My flight was delayed by three days. A blizzard hit and I would be in Bermuda for another 3 days. The perfect amount of time to mount an expedition to this cave I had heard about. A group of friends described a cave that had a huge mouth and descended quite deep. Going into this cave alone, full of slick, mossy rocks and larger fallen ones, probably wasn’t a safe idea. But when my trip was unexpectedly extended, I said “Screw it! Let’s do it!”
I had a general idea of where this cave was. Of course, it had a “No Trespassing”, but rules are for fools to follow and the wise to take under advice. I hoped the little fence and hiked through the damp foliage. I came to a small clear just outside the cave mouth. I snapped a picture looking back towards where I came.
The cave felt bigger than any others I have explored in Bermuda. The cave mouth alone felt like something out of “Lost”. Vines descended from above and damp rocks were covered in green and black moss. I can remember being surprised by how silent it was. The cave seemed to swallow up all sound.
As I began to climb I found a rock with a small metal plate inserted into it. It wasn’t until later when I was developing the photos that I noticed it said the cave’s name! Pauly’s Cave.
I wish the photos did this part more justice. In the first photo towards the bottom of the picture you can see the little yellow rope I found in the cave and used to descent. What the photo doesn’t show, is how elastic and old the rope is. In the first photo I had to climb around the large sheet of lime stoned tinted green from the moss.
The second photo is the view once I climbed around the large limestone sheet. If you look hard, you can barely see the yellow climbing rope on the right side of the picture.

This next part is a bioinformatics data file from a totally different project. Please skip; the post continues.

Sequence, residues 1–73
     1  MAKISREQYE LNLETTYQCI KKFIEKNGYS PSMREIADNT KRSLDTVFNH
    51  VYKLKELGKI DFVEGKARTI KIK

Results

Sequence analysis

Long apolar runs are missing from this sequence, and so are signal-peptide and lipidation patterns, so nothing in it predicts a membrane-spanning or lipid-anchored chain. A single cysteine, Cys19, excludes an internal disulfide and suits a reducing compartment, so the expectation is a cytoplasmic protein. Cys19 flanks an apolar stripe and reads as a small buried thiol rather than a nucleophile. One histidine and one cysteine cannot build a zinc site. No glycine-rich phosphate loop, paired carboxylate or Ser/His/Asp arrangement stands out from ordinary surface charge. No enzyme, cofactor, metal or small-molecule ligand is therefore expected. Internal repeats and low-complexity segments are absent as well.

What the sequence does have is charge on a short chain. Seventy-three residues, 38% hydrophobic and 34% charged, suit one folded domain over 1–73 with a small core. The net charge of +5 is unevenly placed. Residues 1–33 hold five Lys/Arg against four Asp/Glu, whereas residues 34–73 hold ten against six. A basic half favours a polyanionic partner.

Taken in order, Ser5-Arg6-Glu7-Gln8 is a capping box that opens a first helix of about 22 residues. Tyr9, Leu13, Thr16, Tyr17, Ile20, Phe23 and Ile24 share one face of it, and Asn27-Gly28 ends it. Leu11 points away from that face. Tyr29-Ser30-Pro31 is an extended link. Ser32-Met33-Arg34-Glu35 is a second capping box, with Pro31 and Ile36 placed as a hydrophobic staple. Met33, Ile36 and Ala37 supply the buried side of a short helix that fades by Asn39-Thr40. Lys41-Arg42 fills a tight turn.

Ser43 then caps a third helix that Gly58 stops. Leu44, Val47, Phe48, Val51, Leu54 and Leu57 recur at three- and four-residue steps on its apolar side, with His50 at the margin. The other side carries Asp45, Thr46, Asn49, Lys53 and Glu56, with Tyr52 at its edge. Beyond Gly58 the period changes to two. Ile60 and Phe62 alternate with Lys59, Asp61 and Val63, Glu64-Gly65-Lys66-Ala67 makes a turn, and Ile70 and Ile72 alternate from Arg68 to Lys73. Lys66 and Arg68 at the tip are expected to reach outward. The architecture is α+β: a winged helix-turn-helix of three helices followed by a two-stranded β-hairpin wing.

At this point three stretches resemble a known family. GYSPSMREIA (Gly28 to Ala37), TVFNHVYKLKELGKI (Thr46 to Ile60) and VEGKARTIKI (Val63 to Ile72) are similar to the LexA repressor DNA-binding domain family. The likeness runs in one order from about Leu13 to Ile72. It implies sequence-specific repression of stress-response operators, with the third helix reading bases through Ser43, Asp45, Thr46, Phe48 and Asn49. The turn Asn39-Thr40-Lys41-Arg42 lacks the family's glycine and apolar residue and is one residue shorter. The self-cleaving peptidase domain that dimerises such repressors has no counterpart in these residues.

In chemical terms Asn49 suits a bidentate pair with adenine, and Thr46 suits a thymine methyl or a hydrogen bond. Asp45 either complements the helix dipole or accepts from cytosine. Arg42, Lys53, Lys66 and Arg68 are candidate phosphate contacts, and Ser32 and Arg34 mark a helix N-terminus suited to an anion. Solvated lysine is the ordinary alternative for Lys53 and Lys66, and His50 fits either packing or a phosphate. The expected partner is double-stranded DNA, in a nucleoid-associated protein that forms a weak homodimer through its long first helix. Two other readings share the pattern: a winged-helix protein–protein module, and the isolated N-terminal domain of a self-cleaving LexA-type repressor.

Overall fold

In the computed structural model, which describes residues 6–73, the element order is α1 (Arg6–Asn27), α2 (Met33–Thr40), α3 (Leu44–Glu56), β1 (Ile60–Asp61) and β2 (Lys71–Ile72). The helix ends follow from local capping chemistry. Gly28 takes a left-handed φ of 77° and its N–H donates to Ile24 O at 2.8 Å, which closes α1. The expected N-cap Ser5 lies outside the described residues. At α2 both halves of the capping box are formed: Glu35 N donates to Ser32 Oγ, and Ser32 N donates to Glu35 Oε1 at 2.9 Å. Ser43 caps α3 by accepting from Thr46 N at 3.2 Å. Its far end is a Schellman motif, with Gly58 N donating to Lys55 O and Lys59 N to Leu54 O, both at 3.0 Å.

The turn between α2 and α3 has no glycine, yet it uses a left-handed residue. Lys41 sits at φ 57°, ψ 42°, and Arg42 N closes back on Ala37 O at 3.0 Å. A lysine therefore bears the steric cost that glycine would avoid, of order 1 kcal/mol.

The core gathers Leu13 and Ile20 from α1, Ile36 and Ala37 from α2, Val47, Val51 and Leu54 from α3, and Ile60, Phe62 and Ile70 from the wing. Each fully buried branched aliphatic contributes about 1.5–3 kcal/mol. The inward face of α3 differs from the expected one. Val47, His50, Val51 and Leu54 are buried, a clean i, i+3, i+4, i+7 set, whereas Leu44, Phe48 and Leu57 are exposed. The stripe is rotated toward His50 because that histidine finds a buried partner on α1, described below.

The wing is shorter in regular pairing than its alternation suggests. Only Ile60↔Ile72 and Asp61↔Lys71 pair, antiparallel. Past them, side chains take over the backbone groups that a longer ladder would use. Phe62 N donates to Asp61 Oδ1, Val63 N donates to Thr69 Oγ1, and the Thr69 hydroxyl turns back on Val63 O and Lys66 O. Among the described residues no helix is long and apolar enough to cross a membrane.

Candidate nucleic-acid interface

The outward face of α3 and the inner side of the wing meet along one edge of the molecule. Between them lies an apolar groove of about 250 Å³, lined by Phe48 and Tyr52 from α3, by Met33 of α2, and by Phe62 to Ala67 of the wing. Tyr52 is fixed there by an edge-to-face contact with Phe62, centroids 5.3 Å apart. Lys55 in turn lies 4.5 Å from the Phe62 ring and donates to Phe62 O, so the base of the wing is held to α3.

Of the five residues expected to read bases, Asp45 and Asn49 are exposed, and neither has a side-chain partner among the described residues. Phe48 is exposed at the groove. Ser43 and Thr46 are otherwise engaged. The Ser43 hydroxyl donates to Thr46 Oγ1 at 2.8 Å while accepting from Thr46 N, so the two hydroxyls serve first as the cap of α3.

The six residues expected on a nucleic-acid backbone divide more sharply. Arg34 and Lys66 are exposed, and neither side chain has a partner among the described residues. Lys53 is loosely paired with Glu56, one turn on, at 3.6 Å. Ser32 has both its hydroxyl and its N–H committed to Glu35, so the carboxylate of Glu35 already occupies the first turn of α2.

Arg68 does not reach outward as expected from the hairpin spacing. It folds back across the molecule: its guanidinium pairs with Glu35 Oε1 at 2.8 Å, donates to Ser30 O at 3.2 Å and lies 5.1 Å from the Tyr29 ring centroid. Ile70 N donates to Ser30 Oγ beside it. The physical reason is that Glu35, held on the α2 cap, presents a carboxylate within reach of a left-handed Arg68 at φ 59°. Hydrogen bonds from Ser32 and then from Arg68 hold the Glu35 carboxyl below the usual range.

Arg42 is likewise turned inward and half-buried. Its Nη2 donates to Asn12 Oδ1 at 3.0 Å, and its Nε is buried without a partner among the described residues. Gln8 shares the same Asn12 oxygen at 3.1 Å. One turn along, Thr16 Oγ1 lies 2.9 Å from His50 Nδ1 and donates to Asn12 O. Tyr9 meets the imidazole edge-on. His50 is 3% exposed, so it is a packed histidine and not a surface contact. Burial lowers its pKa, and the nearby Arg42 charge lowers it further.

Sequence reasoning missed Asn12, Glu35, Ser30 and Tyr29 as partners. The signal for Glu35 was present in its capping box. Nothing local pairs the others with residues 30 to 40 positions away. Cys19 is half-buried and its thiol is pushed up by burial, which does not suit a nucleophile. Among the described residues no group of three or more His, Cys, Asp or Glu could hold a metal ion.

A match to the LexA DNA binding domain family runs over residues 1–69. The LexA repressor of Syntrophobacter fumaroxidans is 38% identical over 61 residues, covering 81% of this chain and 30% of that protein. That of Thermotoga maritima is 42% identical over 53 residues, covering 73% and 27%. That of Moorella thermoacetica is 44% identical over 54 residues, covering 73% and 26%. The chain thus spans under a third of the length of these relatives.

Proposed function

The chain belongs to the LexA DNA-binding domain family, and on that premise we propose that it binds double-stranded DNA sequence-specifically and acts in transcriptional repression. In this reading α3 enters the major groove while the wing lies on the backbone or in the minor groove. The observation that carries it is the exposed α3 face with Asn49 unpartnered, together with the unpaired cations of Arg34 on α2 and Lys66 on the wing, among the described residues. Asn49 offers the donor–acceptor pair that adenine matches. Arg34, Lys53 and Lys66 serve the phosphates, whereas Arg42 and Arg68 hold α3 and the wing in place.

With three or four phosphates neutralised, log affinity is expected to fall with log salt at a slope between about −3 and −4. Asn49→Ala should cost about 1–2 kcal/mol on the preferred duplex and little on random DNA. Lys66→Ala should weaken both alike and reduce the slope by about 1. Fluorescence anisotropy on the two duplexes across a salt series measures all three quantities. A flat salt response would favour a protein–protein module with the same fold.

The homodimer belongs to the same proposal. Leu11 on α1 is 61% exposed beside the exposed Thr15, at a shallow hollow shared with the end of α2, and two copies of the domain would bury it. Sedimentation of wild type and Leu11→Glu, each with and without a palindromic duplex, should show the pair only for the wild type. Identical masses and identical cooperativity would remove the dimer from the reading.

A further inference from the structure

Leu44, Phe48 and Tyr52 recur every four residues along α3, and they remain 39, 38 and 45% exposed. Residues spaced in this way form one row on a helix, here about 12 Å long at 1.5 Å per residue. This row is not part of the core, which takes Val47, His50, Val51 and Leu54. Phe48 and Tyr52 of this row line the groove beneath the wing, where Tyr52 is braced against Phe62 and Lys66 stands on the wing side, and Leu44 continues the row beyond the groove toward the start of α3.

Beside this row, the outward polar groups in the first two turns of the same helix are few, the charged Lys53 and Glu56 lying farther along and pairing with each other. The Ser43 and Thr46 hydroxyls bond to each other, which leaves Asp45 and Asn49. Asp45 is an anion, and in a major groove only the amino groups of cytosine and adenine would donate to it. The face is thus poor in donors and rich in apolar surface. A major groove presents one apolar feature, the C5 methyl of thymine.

This part of the climb was the more difficult. There wasn’t a lot of light. My picture is deceptive since I used a long exposure. Also, the rocks were small, loose and slick. Many of them were the base formations for stalagmites making them VERY slick.
It was pitch black, damp and absolutely silence. No insects, no fish and no birds. The only sound was the rare and distant ping of water slowly forming stalactites and stalagmites. Pictures in this environment were next to impossible. After several attempts at different settings this was the best final product with the maximum exposure and lowest F-value my camera could offer. The red bob in the water makes me think this might be a research cave. As the photo took and then developed I sat into pitch black silence. No cell phone signal this far underground. Sitting in the black with fallen rock all around me while these pictures developed was a new experience for me. I felt like a foreigner in this environment.